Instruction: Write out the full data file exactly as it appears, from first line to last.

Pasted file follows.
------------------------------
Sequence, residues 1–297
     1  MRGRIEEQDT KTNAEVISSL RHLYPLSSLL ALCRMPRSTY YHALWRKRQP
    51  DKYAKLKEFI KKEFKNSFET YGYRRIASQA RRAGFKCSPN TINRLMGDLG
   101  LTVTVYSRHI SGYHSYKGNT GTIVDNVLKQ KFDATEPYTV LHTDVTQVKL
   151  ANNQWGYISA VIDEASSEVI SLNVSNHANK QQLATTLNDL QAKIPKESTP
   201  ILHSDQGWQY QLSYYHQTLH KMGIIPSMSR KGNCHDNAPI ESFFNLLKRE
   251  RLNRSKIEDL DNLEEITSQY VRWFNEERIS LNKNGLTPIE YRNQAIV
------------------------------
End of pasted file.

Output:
Sequence, residues 1–297
     1  MRGRIEEQDT KTNAEVISSL RHLYPLSSLL ALCRMPRSTY YHALWRKRQP
    51  DKYAKLKEFI KKEFKNSFET YGYRRIASQA RRAGFKCSPN TINRLMGDLG
   101  LTVTVYSRHI SGYHSYKGNT GTIVDNVLKQ KFDATEPYTV LHTDVTQVKL
   151  ANNQWGYISA VIDEASSEVI SLNVSNHANK QQLATTLNDL QAKIPKESTP
   201  ILHSDQGWQY QLSYYHQTLH KMGIIPSMSR KGNCHDNAPI ESFFNLLKRE
   251  RLNRSKIEDL DNLEEITSQY VRWFNEERIS LNKNGLTPIE YRNQAIV